- Associated Press - Sunday, August 27, 2017

VICTORIA, Texas (AP) - A painted bridge spanning a forest pond of brushstrokes lends peace and meaning to its creator, Walter Franklin.

“The bridge symbolizes crossing over into a different area, and crossing over the water is crossing the unknown,” said Franklin, examining one painting of many inside his Victoria home.

The Victoria Advocate reports after a thoughtful pause, Franklin, 54, added, “When you’re not sure what you want to do and you have no direction, you don’t make yourself afraid of trying. You just jump.”

In 2016, on a whim, the former sculptor began frenziedly painting mountain vistas, tree-lined riverbanks and other landscapes on the walls of his home. After the completion of each painting, which acts as a kind of therapy, he nailed frames around them. He is currently trying his hand at portraits.

The sudden inspiration came six years after a tumor removal operation left him with serious neurological and physiological disorders, including numbness on one side of his body, periodic pains along his arm and occasional bouts of disorganized thinking, he said.

“I think 50 different things at one time,” he said. “It’s very hard to focus.”

A Victoria physician said Franklin’s surgery may have left him with a blessing.

The rediscovered creativity could be the result of his brain healing from damage suffered during that surgery, said Tim Holcomb, a Victoria physician with postgraduate studies in neurology.

Doctors initially gave Franklin slim chances for survival after finding the tumor during a routine X-ray following a fall in his bathroom.

“They told me to go home and take care of the last things I needed to do,” Franklin said.

Mary Patterson remembers a Franklin before the discovery of his tumor.

Although the 57-year-old neighbor said her friend has always had a special personality, she began noticing surprising changes after his surgery.

“After the tumor, that’s when that talent came - the painting,” she said.

Patterson said she met Franklin about 2001 when she began working as a cashier at Walgreens, where he and his now-passed mother often shopped.

After his surgery, Franklin’s ensuing artistic spurt was hardly the only change he experienced, she said.

After the surgery, he became more intuitive, perceptive and empathic.

“It changed him,” she said. “He would tell me stuff that was like, ‘How did you know I needed to hear that?’”

When she agonizingly weighed changing jobs in 2013, Franklin gave her a drawing of a serene tropical beach.

On the back was a personal message from Franklin that partially read, “Trust does sometimes bring with it great reward.”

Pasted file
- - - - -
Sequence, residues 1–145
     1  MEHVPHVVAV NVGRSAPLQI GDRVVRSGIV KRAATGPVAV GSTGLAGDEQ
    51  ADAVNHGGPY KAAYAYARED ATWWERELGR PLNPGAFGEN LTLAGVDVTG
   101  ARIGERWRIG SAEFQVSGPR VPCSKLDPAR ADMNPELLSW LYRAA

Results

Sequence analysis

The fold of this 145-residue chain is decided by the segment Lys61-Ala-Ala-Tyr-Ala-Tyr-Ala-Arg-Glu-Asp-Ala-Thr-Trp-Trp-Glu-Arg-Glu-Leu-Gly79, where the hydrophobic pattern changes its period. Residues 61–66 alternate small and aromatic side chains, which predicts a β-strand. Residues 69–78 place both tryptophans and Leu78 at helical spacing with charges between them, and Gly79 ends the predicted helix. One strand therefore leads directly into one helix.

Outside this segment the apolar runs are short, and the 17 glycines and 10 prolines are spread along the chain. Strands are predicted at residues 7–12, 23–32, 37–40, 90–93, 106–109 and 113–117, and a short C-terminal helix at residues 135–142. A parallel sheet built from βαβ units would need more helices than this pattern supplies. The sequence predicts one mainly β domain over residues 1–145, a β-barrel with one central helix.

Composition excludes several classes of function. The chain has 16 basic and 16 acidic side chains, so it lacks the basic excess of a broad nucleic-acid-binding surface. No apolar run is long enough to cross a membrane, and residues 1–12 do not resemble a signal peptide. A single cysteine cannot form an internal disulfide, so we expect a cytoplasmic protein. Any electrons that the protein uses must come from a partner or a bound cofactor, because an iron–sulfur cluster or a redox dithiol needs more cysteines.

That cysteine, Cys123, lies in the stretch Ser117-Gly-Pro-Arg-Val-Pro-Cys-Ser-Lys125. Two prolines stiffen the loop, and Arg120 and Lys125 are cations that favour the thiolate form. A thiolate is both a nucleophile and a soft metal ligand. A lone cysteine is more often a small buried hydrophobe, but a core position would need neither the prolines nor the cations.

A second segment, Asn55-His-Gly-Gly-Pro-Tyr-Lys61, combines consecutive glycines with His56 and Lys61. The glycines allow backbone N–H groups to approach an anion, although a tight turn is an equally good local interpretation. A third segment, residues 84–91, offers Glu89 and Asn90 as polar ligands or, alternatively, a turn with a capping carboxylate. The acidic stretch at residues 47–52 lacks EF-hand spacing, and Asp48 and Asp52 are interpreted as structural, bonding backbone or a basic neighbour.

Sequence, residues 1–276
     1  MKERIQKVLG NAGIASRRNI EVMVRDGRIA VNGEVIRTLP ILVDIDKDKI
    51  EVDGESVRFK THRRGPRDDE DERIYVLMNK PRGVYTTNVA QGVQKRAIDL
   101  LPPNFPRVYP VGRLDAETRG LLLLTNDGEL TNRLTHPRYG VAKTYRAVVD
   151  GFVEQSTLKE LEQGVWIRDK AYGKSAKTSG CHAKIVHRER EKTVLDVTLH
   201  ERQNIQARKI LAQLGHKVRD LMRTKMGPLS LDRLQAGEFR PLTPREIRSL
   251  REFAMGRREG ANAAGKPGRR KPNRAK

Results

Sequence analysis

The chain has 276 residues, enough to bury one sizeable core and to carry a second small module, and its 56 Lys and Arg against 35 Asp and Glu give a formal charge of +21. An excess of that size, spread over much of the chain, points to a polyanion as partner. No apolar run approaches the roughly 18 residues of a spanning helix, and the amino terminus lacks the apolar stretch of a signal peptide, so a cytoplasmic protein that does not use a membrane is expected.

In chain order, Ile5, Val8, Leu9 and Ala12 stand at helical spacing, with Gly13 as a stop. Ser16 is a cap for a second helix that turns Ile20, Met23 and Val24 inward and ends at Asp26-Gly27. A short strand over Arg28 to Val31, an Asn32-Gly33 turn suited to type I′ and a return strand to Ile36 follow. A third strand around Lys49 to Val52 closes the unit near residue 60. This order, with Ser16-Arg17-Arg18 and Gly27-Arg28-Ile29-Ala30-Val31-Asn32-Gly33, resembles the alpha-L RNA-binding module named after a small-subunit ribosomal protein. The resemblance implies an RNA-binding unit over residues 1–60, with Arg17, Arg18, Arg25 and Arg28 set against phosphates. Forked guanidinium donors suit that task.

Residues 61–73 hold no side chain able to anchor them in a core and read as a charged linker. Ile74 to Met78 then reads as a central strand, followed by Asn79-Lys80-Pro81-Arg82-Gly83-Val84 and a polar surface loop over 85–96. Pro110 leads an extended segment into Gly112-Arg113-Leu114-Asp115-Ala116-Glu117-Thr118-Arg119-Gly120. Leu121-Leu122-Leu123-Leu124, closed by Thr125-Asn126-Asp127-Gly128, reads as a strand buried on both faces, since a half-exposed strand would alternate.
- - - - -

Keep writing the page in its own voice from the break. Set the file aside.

“I’m crying right now,” she said. “That really touched me back then, and I’m having the feelings again reading it.”

With Franklin’s encouragement, she left her job at Walgreens for a career in insurance.

“It was the right thing to do,” she said.

Increased emotional sensitivity, artistic aptitude and creativity can result from brain surgeries, Holcomb said.

“It sounds like to me, in his healing process, his right brain has become more awakened,” Holcomb said. The right hemisphere of the brain is connected to art, creativity and intuition, he said.

Although Franklin’s tumor and surgery could have damaged neurological functions, he said a neurobiological concept known as “neuroplasticity” could mean his brain’s right hemisphere is recovering to the point of surpassing its previous abilities.

“Nerves in the brain can develop branches and neurological function, which gives hope to many,” Holcomb said. “In the past, we thought if you had a brain injury, it could only get worse from there.”

For Bill Bauer, a 71-year-old former Victoria High School art teacher, the memory of Franklin’s earliest artistic attempts rings clear across the decades. The former student said he still thinks of Bauer as a mentor.

In the 1980s, when Franklin began studying in his art class, the student quickly caught Bauer’s eye.

“He was unique. That’s the word. Walter was a unique individual,” said Bauer, chuckling mid-memory.

Then, Franklin had not discovered painting and instead devoted his creative energies to metal and clay sculpture.

“He was very creative,” Bauer said. “He took to the clay.”

Franklin’s boundless enthusiasm and personality took him far, the teacher said. In 1981, his sculptures were accepted into a juried art show in Houston.

“They were mostly contemporary, abstract, nonobjective,” he said.

But after those early successes, Franklin lost track of his creative powers.

An art scholarship slipped through his fingers after he missed application deadlines.

Instead, he began working in construction in a variety of fields. Decades passed, and memories faded.

Until one day in 2010 when a routine X-ray found a lump in his brain and fate gave him another shot at making art.


Information from: The Victoria Advocate, https://www.victoriaadvocate.com

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